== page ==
The new film adaptation of The Great Gatsby is going to be released next summer, rather than on Christmas day as it had been originally scheduled. Too bad; I was really looking forward to the Gatsby themed New Year’s Eve parties, I mean just look at those costumes.
“As energy loss is an unavoidable fact of mechanics — no mechanism can be 100% efficient, and the best a designer can do is manage the loss as productively as possible — so translation loss is similarly unavoidable,” explains Mark Davie, who recently translated Galileo’s Selected Writings. But what if the “energy loss” isn’t a failure of the work’s translator so much as a failure of the organization commissioning (or failing to commission) the translation? What if, as is the case for much Arabic literature, “the process [of selecting works for translation] is based on a political consideration” that deprives Western readers of the best Arabic literary work?
As evidenced by the amazing quiz “Jonathan Franzen Gripe or YouTube Comment about Saggy Pants,” a perception exists that the widely acclaimed writer is allergic to new technology. At Slate, Benjamin Nugent argues that Franzen’s new book, The Karl Kraus Project, proves inadvertently that Franzen is less of a Luddite than we think.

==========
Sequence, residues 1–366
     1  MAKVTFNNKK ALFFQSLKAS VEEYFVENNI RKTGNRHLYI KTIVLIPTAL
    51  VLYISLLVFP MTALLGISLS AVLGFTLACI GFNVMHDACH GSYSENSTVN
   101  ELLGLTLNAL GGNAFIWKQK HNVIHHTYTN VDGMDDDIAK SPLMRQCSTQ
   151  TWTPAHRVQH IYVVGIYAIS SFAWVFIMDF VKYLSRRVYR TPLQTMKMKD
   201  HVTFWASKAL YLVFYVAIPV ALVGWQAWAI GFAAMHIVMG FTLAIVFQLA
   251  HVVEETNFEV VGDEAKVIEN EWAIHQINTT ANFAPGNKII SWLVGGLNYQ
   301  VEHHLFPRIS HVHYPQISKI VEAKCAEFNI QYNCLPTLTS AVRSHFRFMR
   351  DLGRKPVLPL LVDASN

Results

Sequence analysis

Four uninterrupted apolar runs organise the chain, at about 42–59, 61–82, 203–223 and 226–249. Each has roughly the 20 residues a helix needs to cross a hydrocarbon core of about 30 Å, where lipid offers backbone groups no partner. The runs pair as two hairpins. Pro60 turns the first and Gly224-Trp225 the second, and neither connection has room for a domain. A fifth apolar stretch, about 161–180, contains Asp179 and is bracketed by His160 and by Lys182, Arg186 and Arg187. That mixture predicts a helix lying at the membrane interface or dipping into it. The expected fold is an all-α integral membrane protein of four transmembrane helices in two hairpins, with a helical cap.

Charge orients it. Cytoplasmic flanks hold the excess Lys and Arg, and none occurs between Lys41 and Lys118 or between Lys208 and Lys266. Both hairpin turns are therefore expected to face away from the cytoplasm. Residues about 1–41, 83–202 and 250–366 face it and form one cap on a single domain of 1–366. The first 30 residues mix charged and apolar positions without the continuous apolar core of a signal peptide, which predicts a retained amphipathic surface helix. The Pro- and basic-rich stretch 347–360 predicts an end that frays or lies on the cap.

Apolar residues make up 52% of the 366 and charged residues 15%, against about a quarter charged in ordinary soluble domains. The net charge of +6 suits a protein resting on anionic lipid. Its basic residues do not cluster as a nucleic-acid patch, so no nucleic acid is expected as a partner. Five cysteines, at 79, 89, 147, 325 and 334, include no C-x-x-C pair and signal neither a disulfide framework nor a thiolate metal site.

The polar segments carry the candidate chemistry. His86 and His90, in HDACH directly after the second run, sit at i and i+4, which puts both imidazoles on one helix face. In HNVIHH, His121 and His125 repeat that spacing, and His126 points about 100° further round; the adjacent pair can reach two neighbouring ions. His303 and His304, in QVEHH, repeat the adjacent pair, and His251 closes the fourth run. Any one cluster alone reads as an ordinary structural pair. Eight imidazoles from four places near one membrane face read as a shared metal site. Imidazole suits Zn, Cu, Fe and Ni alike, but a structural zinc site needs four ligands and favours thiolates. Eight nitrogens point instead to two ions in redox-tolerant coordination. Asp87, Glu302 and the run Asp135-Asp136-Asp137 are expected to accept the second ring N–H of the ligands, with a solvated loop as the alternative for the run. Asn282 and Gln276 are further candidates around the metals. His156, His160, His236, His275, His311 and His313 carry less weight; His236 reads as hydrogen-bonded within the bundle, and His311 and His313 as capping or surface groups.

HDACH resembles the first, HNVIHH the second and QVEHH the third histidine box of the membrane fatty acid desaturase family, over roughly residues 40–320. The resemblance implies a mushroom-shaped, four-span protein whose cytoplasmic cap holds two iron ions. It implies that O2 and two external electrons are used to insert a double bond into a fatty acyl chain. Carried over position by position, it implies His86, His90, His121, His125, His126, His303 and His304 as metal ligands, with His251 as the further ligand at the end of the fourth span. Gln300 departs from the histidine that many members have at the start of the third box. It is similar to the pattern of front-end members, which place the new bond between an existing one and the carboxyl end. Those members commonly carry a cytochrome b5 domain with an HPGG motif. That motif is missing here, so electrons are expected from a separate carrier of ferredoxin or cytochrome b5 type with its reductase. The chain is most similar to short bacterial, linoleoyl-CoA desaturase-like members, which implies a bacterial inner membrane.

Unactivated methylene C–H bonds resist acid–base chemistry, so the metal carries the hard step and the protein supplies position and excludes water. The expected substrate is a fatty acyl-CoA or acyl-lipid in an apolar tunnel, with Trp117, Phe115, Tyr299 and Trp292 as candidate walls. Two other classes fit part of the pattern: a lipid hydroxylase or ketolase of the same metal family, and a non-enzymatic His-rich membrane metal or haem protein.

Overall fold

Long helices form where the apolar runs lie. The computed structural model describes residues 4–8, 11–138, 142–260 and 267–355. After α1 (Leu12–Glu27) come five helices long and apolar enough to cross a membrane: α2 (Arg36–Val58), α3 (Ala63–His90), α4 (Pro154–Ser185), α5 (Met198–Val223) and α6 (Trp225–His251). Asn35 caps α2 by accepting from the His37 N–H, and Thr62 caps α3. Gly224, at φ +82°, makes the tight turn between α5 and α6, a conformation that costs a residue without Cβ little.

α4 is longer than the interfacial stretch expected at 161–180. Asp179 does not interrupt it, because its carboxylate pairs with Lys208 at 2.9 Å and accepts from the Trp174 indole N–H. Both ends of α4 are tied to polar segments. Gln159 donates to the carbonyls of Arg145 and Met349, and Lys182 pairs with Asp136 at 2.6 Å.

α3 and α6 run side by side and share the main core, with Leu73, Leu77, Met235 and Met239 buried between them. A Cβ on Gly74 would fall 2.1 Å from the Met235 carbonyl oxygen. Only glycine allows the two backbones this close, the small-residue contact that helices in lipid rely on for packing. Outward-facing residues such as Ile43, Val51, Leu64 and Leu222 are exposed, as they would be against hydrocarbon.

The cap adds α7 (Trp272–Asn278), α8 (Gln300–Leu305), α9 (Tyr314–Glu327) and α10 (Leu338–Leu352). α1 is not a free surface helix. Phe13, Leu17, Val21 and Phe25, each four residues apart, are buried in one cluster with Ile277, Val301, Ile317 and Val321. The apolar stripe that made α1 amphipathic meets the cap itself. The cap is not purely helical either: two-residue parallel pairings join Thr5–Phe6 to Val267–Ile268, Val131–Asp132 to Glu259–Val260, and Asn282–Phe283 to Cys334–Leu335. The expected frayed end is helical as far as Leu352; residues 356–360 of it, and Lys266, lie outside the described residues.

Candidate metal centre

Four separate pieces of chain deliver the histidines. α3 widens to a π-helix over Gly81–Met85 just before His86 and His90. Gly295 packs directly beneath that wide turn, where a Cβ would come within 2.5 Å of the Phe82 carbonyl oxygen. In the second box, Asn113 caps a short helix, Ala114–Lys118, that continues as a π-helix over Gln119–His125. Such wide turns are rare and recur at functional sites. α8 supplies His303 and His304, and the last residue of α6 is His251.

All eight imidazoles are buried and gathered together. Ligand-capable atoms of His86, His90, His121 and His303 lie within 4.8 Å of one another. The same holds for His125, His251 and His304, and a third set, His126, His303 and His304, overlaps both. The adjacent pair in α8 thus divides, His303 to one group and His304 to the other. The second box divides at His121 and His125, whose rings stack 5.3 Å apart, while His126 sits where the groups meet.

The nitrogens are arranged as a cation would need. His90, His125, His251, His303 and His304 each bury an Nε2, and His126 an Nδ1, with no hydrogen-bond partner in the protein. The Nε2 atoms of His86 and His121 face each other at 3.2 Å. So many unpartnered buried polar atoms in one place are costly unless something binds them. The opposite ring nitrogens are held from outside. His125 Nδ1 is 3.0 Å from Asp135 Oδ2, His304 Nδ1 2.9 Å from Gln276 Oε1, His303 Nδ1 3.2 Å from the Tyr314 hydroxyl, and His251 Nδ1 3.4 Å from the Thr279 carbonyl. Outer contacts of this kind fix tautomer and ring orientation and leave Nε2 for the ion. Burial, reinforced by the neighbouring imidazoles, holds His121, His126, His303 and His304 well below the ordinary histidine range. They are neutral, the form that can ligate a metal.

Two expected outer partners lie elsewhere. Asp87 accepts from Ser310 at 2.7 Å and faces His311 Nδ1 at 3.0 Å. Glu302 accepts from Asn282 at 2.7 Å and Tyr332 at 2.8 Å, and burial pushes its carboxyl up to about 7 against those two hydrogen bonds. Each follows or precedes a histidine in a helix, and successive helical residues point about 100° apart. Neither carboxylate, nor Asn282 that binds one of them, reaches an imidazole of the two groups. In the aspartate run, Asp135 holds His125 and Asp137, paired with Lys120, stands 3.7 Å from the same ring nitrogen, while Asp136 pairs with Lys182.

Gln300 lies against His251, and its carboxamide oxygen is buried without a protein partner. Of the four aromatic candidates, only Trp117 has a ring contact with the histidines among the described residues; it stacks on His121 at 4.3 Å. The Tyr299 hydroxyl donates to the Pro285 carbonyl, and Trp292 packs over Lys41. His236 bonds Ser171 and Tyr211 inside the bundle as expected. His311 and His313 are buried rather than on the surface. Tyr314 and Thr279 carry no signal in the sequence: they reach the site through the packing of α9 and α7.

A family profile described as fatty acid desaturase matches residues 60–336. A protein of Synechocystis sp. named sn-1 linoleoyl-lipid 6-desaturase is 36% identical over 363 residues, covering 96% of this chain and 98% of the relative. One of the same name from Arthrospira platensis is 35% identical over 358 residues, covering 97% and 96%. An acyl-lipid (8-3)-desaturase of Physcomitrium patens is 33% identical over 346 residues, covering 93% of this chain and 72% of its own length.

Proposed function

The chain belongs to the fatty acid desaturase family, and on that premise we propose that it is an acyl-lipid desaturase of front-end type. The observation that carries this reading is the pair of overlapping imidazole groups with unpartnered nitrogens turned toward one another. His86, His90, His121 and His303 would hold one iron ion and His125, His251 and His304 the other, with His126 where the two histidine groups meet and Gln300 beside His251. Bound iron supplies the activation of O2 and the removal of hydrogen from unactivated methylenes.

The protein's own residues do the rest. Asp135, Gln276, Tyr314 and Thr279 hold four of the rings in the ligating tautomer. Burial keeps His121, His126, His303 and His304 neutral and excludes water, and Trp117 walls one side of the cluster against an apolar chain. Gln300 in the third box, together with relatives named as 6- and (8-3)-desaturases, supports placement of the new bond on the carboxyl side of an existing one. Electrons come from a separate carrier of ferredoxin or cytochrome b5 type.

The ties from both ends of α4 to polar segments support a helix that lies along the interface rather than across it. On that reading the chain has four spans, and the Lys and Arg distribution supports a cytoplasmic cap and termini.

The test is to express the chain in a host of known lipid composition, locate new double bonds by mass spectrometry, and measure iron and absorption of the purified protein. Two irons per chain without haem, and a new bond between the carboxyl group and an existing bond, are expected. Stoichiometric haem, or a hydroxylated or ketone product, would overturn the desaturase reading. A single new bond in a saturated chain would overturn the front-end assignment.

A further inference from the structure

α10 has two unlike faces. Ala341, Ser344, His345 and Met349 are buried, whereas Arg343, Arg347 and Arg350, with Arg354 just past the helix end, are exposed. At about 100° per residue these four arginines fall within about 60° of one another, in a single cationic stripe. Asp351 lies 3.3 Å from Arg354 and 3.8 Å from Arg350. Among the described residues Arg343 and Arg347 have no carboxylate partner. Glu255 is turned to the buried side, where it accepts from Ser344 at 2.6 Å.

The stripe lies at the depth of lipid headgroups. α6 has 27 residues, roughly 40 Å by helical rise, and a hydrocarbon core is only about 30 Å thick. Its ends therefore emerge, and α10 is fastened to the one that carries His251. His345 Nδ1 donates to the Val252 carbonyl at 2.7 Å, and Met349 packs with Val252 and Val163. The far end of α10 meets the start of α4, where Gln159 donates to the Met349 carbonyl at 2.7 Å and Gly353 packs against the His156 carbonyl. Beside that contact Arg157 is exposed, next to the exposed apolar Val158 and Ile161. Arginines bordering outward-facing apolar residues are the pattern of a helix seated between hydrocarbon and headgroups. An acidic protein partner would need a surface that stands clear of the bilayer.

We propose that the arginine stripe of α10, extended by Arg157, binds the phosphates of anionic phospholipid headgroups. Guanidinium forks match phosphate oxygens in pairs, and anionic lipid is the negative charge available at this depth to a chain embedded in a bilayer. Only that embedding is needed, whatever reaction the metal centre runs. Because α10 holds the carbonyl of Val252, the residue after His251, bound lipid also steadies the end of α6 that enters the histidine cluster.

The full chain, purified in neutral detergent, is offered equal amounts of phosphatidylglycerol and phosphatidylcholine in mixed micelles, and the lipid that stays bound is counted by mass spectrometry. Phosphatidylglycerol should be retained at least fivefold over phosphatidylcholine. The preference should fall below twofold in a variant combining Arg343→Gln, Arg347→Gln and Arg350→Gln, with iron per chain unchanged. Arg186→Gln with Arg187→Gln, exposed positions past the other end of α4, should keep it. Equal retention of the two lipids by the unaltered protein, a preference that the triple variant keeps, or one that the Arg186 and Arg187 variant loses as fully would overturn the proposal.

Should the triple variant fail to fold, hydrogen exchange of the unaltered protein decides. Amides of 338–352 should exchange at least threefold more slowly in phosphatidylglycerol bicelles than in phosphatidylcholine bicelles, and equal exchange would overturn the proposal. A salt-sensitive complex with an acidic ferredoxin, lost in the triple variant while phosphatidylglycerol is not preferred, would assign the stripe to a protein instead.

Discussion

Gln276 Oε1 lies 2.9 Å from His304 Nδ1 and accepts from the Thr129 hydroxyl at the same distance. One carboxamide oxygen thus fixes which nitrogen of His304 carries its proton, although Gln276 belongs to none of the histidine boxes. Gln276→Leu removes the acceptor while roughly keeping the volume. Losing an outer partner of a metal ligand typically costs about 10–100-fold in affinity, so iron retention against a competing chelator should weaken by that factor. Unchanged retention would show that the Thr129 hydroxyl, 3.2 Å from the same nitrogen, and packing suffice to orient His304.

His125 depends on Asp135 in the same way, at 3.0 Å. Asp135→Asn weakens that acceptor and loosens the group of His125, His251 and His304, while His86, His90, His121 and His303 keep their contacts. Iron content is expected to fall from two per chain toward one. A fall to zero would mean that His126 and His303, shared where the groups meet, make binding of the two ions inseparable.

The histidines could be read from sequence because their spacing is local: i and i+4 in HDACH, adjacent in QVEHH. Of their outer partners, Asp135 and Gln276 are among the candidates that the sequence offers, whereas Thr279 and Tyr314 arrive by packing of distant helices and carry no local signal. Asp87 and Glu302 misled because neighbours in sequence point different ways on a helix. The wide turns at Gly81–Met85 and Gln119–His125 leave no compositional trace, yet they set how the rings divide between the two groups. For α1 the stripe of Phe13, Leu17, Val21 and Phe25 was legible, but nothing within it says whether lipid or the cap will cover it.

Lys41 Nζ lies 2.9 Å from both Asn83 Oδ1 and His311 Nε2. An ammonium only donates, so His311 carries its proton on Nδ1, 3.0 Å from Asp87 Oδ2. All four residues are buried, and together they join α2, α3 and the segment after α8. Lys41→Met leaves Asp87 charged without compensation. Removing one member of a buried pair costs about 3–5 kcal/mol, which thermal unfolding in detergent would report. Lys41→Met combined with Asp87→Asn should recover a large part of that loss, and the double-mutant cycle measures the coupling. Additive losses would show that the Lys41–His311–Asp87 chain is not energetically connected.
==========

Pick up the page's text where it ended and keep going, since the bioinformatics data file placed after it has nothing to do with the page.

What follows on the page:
Not every worthy book finds the audience it deserves as quickly as Edan Lepucki’s California. John Warner writes about the long aftermath of finding his debut, The Funny Man, featured in our 2011 Most Anticipated Book Preview: “I wondered, what if? Maybe this was going to be the next phase of my life, and when people asked me what I did, I’d say that I wrote novels.” His new collection of short stories is Tough Day for the Army.
“I certainly didn’t want to do something that felt as if I was having a séance. I started with her most personal papers. I wanted her interior voice; I didn’t want the formal writing. I went immediately to her diaries and letters and to the commonplace books. From there I started looking at the marginalia because I was getting a sense of wanting to know what was on her mind while she was writing in her journals.” Lynell George conducted a posthumous interview with Octavia Butler, Bomb magazine talked to her about the process. Pair it with this essay on slavery in fiction from our own Edan Lepucki.
Jesmyn Ward signed a deal for two books with Simon & Schuster: one adult novel with Scribner and the other a middle-grade novel with Caitlyn Dlouhy Books, according to Publisher’s Weekly. From our archives: Ward’s 2017 Year in Reading entry and our interview with the two-time National Book Award winner.